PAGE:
Somewhere halfway down, way below the fold, you’ll find an example piece of code like this:

$ap = Get-SPTrustedIdentityTokenIssuer "Okta"
$uri = new-object System.Uri($sharepoint_app)
$ap.ProviderRealms.Add($uri, "urn:okta:BIGNUMBERHERE")
$ap.Update()

The Realm for your specific web application is the big, red string on line 3 above. You’ll need to copy and run their block of PowerShell for each additional web application you need to support.

#2: Users need to be migrated to their Okta equivalent

If you are converting an existing SharePoint farm with Active Directory users, you need to migrate them all to Okta users.

You can migrate a user from one identity provider to another with Move-SPUser. You pass it arguments for the current user name to the target user name (e.g. DOMAIN\UserName). Because we’re dealing with claims, the current user name is likely to look like: i:[email protected], and the target would be something like: “i:0<UNICODE_CLAIM_TYPE_CHARACTER>.[email protected]”. The “.w” means Windows authentication mode, whereas the “.t” means trusted token issuer.

So, how do you find the correct value of <UNICODE_CLAIM_TYPE_CHARACTER>?

#3: Every SharePoint Farm has a different Claim Type Encoding character for Okta

SharePoint has a bunch of built-in claims that it knows of already. The built in claims encoding characters are listed on TechNet. User Principal Name, Email Address etc.  When you install an additional identity provider, such as Okta, SharePoint creates another entry for its principal claim and assigns it a unique character (unique to your farm). You can retrieve the character with the following PowerShell:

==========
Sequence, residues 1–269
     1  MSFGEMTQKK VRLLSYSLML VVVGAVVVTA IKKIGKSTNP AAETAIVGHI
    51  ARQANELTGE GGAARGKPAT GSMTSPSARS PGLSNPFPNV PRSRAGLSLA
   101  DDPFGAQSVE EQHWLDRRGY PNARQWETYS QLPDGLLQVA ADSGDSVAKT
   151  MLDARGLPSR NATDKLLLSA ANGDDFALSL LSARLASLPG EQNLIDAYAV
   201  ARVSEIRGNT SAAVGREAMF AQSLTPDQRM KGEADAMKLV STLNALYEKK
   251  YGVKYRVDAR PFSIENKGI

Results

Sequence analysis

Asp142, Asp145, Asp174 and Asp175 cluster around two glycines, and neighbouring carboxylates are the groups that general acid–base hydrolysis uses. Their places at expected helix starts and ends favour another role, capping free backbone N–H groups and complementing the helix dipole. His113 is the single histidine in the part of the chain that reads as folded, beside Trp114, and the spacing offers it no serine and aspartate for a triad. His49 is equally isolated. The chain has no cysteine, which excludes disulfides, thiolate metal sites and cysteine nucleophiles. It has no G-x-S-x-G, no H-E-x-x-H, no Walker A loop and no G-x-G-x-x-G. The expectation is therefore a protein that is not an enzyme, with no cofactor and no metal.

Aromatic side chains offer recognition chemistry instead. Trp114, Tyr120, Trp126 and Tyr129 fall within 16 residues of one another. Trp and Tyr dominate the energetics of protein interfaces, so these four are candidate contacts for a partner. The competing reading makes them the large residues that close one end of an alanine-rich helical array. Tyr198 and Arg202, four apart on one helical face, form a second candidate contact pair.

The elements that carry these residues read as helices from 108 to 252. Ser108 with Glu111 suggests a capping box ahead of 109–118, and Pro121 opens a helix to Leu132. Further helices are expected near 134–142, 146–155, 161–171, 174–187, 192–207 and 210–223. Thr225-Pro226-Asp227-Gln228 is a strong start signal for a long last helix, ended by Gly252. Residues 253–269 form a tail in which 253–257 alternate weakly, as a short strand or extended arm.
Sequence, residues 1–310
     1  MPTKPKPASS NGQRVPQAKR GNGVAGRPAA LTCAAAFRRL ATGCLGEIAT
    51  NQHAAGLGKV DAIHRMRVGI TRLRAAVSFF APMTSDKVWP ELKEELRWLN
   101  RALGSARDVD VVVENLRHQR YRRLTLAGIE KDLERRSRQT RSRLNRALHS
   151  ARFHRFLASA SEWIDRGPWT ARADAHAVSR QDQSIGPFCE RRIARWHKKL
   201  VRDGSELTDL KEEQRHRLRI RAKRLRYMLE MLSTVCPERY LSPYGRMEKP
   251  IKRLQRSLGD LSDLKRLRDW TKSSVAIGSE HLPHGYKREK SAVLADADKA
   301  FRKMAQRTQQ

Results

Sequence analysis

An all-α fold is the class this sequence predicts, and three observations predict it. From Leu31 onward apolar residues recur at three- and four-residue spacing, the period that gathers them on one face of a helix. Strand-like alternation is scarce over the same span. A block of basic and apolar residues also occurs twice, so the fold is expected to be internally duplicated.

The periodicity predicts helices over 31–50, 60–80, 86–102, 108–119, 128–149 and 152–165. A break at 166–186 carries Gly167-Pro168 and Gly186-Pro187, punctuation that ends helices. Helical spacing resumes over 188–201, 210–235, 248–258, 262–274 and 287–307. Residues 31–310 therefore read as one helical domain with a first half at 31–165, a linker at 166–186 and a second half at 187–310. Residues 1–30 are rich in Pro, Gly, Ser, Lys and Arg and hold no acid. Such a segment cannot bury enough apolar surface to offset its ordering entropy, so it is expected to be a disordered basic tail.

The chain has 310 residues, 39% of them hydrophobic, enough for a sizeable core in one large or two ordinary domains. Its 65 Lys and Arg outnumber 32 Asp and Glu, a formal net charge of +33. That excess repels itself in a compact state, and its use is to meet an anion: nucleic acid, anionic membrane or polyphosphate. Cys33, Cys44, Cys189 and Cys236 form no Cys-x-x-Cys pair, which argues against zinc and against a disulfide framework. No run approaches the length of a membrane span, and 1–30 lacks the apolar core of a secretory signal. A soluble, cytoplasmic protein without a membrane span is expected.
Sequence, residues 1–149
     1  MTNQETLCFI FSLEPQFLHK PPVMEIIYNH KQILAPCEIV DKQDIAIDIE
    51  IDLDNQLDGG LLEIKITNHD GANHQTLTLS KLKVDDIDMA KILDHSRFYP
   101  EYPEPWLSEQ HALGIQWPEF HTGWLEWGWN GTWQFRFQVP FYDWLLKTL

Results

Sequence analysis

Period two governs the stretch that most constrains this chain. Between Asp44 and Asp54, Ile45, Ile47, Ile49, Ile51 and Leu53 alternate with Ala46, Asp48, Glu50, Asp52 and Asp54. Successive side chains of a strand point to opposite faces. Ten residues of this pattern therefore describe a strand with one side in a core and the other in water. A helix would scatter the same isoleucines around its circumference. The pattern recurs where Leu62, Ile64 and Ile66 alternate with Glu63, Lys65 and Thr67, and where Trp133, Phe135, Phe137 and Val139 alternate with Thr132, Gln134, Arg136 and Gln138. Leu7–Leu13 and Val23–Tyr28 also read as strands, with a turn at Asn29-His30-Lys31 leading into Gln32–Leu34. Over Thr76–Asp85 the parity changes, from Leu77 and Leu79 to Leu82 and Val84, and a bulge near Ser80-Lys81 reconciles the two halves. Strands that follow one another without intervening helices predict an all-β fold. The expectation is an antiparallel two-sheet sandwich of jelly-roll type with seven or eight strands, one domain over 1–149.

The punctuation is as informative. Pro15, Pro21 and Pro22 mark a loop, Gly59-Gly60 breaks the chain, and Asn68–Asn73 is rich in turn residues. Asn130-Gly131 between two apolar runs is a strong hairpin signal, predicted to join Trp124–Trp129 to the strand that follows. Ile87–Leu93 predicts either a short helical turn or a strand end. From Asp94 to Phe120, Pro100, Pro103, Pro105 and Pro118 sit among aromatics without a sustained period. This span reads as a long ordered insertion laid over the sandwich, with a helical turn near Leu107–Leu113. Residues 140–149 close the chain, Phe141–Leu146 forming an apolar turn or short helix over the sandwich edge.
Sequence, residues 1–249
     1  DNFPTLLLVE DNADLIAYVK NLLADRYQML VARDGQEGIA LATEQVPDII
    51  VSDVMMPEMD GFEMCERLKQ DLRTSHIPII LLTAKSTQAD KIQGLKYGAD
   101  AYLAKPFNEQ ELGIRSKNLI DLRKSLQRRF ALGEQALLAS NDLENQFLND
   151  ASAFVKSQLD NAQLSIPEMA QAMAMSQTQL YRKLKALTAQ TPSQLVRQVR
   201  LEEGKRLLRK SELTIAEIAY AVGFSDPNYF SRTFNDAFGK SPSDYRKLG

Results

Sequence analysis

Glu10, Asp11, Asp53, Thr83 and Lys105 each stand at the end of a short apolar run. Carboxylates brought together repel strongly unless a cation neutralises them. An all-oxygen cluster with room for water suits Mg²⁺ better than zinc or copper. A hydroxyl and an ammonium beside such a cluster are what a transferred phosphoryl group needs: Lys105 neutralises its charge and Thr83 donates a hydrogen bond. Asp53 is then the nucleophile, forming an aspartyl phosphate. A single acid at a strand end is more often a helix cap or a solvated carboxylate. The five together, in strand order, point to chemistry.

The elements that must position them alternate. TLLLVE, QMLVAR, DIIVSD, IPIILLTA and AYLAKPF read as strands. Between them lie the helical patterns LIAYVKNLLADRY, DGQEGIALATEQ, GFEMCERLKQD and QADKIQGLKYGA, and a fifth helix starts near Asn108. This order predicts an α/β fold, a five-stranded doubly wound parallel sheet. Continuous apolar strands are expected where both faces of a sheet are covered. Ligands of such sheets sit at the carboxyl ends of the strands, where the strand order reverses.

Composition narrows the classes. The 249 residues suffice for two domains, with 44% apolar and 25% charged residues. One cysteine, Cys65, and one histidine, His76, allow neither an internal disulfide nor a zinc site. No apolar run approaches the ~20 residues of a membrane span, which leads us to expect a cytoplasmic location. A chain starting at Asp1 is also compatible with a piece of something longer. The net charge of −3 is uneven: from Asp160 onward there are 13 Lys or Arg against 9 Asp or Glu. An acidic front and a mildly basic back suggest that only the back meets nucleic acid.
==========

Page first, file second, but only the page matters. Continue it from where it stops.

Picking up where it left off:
Get-SPClaimTypeEncoding | ? { $_.ClaimType -like '*Okta*' };

Putting this all together, you get:

$oktaClaimChar = Get-SPClaimTypeEncoding | 
    ? { $_.ClaimType -like '*Okta*' };

Get-SPUser -Web https://contoso.local 
   -Identity "i:[email protected]" | 
   Move-SPUser -NewAlias ("i:0" + $oktaClaimChar +
      ".[email protected]");

Important safety tips:

  1. Migrating the same user twice is bad *
  2. Migrating service accounts is bad **

* …Really bad. SharePoint deletes all instances of the original user and replaces it with a new blank one that owns nothing. You lose all permissions information about the user.

** …you’ll kill the User Profile Service stone dead, for instance.

#4: Groups need to be migrated to their Okta equivalent

The Okta engineer assigned to us didn’t seem to realise there might even be an issue with groups.

“After migrating the users, what should we do about groups?” I asked.

“Oh, I don’t think there should be a problem,” he said.

Obviously, wrong.